We all get fleeting headaches from time to time. They come without warning, annoy us for a few minutes or hours and eventually fade away. But when headaches occur frequently or cause intense pain, it can be disruptive to your everyday life and wellbeing.
There are a few types of headaches and the symptoms of each present differently. Migraines can be especially disabling and severe, and are often one-sided throbbing pains associated with nausea and sensitivity to light, sound and smell. Tension headaches are often a mild, dull-ache that is not one-sided and often lacks the typical sensitivities of a migraine.
As a headache specialist, my first recommendation for anyone experiencing frequent or severe headaches is to start keeping track with a headache calendar. This will help you log when your headaches are occurring so you can identify trends or patterns — and hopefully nail down a cause.
But don’t be surprised if you don’t find triggers, as headaches can be due to various causes. Here are five possible reasons behind your headaches.
Many of my patients find that certain foods can trigger their headaches. A common element in many trigger foods for headaches is monosodium glutamate, or MSG. MSG is a flavor enhancer that can be found in many canned vegetables and soups, processed meats, sauces and Chinese food.
Besides MSG, other foods commonly linked to headaches include some types of ﬁsh, cheeses, processed meats, fermented foods and alcoholic beverages. But this doesn’t mean you should immediately eliminate all of these foods from your diet. You might only be susceptible to a small number of dietary triggers, or possibly none at all.
Many people find that removing processed foods in favor of a healthy, fresh diet eliminates or reduces their headaches.
However, every diet has risks and benefits, and what works for one patient may not work for another. Talk to a headache specialist about what dietary changes might be right for your health needs.
Your stress level
Stress of any kind — physical, emotional, financial, marital, etc. — can be a significant factor for headaches. If you are struggling to cope with stress, it can take a toll on your body and for some people, cause headaches. I often treat patients who have experienced a traumatic event such as the loss of a loved one or a divorce.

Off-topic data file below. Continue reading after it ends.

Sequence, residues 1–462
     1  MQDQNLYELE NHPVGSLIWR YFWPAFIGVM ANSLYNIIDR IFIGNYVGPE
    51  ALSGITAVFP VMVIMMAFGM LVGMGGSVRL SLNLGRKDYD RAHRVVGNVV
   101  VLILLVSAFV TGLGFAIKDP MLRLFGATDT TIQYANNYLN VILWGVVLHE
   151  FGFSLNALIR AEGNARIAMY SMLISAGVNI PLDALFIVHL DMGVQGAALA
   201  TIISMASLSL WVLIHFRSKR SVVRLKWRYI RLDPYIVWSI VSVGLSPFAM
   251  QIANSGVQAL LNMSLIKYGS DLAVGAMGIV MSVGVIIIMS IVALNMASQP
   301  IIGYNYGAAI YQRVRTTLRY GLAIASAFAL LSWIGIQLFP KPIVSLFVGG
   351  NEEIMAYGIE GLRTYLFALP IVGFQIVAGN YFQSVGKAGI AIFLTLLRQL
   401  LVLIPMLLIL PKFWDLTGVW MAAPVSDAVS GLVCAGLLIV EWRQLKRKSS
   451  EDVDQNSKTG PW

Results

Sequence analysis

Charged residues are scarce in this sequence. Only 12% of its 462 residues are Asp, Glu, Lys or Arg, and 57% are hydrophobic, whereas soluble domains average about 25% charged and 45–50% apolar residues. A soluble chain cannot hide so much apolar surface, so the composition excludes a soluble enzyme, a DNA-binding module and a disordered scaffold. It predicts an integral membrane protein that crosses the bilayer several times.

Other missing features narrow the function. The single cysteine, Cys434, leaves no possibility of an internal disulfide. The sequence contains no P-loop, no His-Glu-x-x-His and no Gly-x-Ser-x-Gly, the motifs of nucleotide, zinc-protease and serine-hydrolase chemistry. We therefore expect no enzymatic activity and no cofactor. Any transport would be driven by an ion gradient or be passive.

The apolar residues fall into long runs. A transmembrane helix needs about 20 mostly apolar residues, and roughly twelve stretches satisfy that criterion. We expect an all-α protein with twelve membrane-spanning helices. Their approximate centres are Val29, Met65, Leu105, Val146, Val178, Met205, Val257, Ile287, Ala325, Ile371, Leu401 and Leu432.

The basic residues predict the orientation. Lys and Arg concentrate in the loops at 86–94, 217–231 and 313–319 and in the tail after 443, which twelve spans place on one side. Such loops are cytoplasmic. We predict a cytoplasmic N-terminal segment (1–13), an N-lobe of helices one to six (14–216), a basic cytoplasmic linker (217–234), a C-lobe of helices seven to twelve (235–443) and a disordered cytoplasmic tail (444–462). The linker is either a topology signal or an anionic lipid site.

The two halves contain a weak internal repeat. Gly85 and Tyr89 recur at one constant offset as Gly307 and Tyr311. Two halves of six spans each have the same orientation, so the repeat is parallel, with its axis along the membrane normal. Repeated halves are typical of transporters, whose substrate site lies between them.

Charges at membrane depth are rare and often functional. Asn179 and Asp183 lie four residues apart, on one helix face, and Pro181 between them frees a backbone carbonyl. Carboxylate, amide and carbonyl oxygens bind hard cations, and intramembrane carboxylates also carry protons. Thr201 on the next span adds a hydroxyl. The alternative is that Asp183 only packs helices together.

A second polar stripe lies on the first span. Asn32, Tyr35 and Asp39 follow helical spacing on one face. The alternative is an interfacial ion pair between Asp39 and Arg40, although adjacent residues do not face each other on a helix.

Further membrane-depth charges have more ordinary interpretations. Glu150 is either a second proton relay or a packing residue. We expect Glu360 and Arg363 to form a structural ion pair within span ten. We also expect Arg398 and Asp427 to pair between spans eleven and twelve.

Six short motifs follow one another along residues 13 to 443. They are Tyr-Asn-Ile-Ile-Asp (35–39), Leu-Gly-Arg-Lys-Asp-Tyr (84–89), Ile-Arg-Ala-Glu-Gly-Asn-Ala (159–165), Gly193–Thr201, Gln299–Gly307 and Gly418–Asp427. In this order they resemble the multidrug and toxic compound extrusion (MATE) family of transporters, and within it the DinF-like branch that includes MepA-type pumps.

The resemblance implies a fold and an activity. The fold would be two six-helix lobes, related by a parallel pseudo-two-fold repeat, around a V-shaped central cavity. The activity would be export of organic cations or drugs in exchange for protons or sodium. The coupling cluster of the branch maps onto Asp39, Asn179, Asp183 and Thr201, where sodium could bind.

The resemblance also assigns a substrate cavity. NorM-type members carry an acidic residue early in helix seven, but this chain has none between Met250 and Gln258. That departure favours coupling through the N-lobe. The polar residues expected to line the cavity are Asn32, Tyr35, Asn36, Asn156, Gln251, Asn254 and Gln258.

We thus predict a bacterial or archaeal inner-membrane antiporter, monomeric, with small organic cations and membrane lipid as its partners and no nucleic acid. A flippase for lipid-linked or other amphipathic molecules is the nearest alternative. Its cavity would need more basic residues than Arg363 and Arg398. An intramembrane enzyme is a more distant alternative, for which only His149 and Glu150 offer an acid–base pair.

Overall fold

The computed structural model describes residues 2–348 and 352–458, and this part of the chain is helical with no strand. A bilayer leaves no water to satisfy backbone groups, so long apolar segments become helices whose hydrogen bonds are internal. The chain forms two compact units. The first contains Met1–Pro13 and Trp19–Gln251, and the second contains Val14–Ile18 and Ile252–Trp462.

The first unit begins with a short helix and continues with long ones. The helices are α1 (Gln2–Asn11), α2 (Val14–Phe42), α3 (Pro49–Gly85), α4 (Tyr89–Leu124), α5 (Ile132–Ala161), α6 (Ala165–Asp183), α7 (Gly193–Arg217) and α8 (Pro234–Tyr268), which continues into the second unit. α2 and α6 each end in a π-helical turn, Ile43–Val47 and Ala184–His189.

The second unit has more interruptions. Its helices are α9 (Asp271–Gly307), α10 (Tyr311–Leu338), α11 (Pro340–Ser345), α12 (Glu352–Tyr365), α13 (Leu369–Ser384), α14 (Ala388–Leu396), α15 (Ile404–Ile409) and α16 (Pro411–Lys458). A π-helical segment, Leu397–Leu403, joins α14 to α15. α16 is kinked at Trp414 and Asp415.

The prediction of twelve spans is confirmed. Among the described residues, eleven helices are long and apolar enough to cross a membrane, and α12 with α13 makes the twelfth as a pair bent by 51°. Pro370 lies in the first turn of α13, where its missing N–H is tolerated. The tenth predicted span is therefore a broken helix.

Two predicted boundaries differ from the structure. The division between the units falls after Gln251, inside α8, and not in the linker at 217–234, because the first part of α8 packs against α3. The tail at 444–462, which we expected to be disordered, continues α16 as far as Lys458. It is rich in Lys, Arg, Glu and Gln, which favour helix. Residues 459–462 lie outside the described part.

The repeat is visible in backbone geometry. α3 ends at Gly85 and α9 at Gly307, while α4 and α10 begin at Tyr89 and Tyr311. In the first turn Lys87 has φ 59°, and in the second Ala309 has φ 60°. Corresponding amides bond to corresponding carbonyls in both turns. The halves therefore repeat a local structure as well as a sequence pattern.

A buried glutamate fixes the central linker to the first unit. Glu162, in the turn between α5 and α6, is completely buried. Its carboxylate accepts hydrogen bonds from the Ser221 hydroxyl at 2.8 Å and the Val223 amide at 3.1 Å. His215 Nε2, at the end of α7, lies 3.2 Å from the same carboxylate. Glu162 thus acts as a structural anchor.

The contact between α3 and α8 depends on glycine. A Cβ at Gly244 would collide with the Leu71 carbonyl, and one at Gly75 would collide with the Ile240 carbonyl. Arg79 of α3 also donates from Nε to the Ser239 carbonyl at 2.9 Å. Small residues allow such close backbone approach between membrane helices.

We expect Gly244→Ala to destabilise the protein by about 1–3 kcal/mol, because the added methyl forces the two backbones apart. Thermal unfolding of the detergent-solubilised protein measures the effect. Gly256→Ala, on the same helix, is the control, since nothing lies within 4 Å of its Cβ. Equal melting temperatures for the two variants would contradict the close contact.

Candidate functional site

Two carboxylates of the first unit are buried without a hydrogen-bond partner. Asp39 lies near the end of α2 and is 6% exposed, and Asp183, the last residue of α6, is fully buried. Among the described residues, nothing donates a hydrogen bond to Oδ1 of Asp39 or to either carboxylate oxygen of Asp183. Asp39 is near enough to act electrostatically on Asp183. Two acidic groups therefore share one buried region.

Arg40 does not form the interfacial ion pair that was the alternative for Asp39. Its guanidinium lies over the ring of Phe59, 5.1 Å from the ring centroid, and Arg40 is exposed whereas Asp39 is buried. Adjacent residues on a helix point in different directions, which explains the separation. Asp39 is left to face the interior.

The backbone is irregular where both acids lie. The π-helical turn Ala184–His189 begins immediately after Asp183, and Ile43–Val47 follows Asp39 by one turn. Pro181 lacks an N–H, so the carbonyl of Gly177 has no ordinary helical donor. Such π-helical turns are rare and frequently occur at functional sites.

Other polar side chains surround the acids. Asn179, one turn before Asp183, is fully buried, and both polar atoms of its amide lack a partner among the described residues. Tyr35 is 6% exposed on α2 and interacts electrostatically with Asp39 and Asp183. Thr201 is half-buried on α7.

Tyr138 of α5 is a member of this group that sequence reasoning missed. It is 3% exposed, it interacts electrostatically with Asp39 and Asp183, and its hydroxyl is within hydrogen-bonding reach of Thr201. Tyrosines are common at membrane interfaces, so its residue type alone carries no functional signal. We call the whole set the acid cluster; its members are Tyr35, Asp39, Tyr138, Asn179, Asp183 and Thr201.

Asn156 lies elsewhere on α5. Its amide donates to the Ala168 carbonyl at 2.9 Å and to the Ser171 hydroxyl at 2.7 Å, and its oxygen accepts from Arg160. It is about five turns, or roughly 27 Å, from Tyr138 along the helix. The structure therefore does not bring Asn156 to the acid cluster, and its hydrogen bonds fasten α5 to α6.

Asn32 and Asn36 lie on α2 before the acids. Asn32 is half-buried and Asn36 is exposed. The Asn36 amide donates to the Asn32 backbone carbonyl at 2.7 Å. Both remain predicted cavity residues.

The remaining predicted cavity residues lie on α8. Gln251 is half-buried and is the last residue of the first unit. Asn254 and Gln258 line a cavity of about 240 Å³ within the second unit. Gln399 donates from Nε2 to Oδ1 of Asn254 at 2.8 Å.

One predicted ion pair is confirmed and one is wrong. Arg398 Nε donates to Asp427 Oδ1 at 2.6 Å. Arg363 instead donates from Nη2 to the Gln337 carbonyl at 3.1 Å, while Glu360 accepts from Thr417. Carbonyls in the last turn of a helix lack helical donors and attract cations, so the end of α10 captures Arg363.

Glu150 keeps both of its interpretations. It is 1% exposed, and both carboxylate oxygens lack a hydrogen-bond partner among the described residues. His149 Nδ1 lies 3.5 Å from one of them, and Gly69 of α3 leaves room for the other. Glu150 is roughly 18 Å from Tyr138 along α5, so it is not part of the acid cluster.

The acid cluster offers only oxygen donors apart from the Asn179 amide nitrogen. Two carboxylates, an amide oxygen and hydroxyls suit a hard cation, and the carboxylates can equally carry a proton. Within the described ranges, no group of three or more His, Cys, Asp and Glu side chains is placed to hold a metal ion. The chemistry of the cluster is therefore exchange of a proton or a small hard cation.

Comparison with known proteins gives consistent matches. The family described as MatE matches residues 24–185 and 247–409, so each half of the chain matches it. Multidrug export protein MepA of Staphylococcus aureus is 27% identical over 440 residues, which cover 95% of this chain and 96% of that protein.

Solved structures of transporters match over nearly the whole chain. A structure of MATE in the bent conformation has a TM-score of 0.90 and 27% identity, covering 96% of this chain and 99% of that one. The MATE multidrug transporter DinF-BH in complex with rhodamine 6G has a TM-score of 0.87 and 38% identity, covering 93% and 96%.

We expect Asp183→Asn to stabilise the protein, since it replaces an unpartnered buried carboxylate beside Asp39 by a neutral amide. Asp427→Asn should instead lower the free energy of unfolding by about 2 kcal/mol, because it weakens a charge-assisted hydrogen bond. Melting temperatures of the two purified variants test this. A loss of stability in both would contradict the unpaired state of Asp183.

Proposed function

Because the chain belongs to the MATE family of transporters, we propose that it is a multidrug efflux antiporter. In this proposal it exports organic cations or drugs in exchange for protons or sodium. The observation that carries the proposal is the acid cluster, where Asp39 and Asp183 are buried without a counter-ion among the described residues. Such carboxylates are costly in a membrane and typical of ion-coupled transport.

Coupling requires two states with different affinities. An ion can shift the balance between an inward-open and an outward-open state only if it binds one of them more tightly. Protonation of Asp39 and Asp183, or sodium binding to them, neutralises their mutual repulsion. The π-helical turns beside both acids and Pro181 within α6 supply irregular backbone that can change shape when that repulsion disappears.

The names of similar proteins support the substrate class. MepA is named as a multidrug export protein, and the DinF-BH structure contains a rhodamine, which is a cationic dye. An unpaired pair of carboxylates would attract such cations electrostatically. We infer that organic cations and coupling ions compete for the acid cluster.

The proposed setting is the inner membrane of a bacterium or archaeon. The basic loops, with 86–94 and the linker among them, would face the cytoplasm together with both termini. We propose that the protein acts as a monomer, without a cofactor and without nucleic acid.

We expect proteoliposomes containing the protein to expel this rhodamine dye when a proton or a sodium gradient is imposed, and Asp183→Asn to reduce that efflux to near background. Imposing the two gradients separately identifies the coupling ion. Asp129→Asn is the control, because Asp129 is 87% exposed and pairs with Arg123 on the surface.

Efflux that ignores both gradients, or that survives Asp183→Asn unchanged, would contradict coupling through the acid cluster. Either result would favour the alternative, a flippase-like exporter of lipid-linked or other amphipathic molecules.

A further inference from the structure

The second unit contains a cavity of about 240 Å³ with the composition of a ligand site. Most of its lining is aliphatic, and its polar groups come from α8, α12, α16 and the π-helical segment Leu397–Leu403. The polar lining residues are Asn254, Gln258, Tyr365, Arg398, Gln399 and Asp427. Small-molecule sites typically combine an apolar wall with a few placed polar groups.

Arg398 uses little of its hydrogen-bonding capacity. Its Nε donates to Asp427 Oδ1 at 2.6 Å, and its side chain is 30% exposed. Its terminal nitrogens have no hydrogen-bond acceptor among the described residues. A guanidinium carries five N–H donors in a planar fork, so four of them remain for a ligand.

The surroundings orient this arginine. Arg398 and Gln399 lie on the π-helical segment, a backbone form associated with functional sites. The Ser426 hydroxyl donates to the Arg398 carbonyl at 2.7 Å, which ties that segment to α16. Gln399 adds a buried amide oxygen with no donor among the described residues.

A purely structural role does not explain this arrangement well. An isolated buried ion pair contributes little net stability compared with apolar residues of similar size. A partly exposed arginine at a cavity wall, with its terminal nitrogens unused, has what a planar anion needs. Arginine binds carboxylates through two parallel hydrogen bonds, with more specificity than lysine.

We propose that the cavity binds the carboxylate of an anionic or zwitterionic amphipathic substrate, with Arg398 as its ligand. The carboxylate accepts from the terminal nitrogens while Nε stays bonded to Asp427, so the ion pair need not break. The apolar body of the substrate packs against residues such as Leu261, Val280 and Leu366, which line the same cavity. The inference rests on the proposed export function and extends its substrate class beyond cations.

Too often, we ignore the connection between our mental and physical health, but it is important to care for both. It is important to identify the source of your stress and find ways to relax. Don’t be afraid to ask for help.
Your caffeine consumption
Although that morning cup of joe can give you a helpful boost, if you’re having several cups of coffee a day, that could be the cause of your headaches. In small amounts, some patients feel that caffeine helps with headaches and provides them alertness to continue with their day.
However, too much caffeine can put a person at risk of “caffeine withdrawal symptoms” and as a result, may trigger headaches. Daily and large amounts of caffeine intake can also lead to “rebound headaches.” Remember, it’s not just coffee — teas, decaffeinated beverages, energy drinks, sodas, over-the counter medications and weight loss pills may have larger amount of caffeine than you realize.
I recommend my patients consume no more than 200 mg of caffeine per day. In someone who has chronic migraines, avoiding caffeine completely may actually be helpful, but as always, work out a plan with a headache specialist.
Your menstrual cycle
For some women, headaches occur regularly along with their menstrual cycle. If you notice that your headache starts two days before and ends three days into your cycle, menstrual cycle may be a trigger for you.
Menstrual migraines can often be prolonged and severe, but are not difficult to treat. These migraines often occur due to fluctuations in your estrogen levels. If they are debilitating, using medications such as triptans or preventative drugs can help. Often, these patients may also have migraines on other days unrelated to their menstrual cycle.
Your sleep schedule (or lack thereof)
You might be aware that lack of sleep can cause headaches, but it’s also true that some people experience headaches from too much sleep. This is most commonly an issue for teenagers or college students who keep a very different sleep schedule during the week than on weekends.
If you’re using Saturday and Sunday mornings to make up for not getting enough sleep during the week, that could be causing your headaches. Try to maintain a consistent sleep schedule to avoid the effects of both lack of sleep and oversleeping.
Headaches are not something you should just learn to live with. If you’re dealing with persistent or severe headaches, a headache specialist can help.
Find a physician near you, or learn more about headache treatments.
About the author
This content has been written or reviewed by a member of the Baylor Scott & White Health medical staff.
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